MALARIA IN PREGNANCY

Malaria can contribute to pregnancy complications such as abortion, poor foetal mental development, premature labour, intrauterine growth retardation and foetal death, severe maternal anaemia due to haemolysis, and death.

Complications are more common in mothers of low gravidity (primi- and secundigravidae), HIV positivity, adolescent age, sickle-cell disease, and those from areas of low endemicity, e.g. in Kisoro and Kabale.

MANAGEMENT OF MALARIA IN PREGNANCY

APPROACH MANAGEMENT

Prophylaxis

All pregnant
mothers
except those
with HIV on
cotrimoxazole
prophylaxis

  • Intermittent Preventive
    Treatment (IPTp) with
    Sulphadoxine/
    pyrimethamine (SP) once
    a month starting at 13 weeks
    until delivery
Treatment of
Uncomplicated
malaria in 1st
trimester
  • Quinine oral 600 mg 8 hourly
    for 7 days (if Quinine not
    available, ACT may be used)
Treatment of
Uncomplicated
malaria in
2nd and 3rd
trimesters
First line

  • Artemether/Lumefantrine
    80/480 mg 12 hourly for 3 days

First line alternative

  • Dihydroartemisinin/
    Piperaquine 3 tablets (1080
    mg) once daily for 3 days

And if no response

  • Quinine, oral 600 mg 8 hourly
    for 7 days
Severe malaria
All trimesters
and lactation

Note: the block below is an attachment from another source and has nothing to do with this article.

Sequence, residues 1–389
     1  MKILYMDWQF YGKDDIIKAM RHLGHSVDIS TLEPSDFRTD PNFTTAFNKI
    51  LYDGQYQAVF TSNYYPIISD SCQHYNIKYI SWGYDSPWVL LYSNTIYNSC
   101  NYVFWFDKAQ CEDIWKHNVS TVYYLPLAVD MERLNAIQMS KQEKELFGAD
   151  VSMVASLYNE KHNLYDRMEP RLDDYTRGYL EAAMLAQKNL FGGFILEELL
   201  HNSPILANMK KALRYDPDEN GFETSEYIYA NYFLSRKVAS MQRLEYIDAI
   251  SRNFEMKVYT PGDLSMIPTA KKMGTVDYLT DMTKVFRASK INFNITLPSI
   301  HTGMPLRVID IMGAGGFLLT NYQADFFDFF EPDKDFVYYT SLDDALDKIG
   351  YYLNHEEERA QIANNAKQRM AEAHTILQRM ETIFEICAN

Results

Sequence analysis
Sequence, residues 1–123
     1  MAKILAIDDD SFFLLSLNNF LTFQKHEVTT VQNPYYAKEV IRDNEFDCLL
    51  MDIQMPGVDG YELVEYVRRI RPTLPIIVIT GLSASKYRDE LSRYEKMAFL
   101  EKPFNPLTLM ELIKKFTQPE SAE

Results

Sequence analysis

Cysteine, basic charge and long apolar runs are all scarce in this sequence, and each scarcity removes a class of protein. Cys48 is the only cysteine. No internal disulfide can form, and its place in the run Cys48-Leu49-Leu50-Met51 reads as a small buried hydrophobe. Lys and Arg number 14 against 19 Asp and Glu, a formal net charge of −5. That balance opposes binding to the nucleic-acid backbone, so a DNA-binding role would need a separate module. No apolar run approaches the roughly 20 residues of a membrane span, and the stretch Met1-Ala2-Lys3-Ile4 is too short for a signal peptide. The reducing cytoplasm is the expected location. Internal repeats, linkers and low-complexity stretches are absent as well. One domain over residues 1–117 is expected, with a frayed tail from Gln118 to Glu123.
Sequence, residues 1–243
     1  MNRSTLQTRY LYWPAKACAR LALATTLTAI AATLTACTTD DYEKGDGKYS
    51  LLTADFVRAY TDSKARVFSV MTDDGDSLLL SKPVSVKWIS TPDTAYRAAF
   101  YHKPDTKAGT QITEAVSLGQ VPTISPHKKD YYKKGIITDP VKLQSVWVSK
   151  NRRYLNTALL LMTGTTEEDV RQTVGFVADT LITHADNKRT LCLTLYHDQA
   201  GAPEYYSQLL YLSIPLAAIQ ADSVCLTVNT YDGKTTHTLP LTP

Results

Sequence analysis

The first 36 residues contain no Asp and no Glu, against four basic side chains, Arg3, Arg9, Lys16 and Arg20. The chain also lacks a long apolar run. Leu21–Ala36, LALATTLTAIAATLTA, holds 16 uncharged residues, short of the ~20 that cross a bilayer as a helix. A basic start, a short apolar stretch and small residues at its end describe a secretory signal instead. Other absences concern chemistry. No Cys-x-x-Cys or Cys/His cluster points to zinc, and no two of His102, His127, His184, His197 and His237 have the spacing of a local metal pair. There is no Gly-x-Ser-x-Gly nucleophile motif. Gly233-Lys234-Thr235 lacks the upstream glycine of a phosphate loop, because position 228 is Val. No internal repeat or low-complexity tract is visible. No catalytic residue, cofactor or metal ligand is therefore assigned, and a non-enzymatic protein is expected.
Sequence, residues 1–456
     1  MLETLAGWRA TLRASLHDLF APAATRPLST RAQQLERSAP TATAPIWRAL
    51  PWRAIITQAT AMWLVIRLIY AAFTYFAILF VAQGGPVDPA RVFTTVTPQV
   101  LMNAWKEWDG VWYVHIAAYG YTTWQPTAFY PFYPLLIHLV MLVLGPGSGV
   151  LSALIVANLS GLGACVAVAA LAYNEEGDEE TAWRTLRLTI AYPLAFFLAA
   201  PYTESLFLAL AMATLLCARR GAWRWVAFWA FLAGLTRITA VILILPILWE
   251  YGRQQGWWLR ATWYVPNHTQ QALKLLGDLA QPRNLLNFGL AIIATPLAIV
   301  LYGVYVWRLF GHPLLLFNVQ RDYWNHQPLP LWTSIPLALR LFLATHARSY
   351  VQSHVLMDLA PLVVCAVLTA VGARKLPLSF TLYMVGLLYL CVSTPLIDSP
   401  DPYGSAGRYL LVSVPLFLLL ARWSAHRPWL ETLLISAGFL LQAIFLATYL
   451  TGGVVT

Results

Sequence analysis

• IM/IV Artesunate 2.4 mg/kg
    at 0, 12 and 24 hours, then once
    a day until mother can tolerate
    oral medication. Complete
    treatment with 3 days of oral
    ACT

First line alternative

  • IM artemether 3.2 mg/kg
    loading dose then 1.6 mg/
    Kg once daily until mother
    can tolerate oral medication.
    Complete treatment with 3
    days of oral ACT

If artesunate or arthemeter not
available, use

  • Quinine 10 mg/Kg IV every
    8 hours in Dextrose 5%
Caution
  • Quinine is associated with an increased risk of hypoglycaemia in late pregnancy

Prevention and control of malaria in pregnancy

  • Use insecticide-treated mosquito nets (ITN) before, during, and after pregnancy.
  • Give all pregnant women intermittent preventive treatment (IPTp) with sulfadoxine pyrimethamine
    (SP) – Except in allergy to sulphonamide
  • Prompt diagnosis and effective treatment of malaria in pregnancy

Education messages to mothers and the community

  • Malaria is transmitted by female anopheles mosquitoes
  • Pregnant women and children are at particular risk of malaria
  • If untreated, malaria can cause severe anaemia and death in pregnant women
  • Malaria can lead to anaemia, miscarriage, stillbirth, mentally-retarded children, or low birth weight children,
    who are more prone to infant/childhood mortality compared to normal weight children
  • It is better and cheaper to prevent than to treat malaria
  • The individual, family, and the community can control malaria by taking appropriate actions
  • Sleeping under an insecticide-treated mosquito net is the best way to prevent malaria
  • It is very important to complete the course of treatment in order to achieve a cure
  • Severe complicated malaria needs special management, therefore refer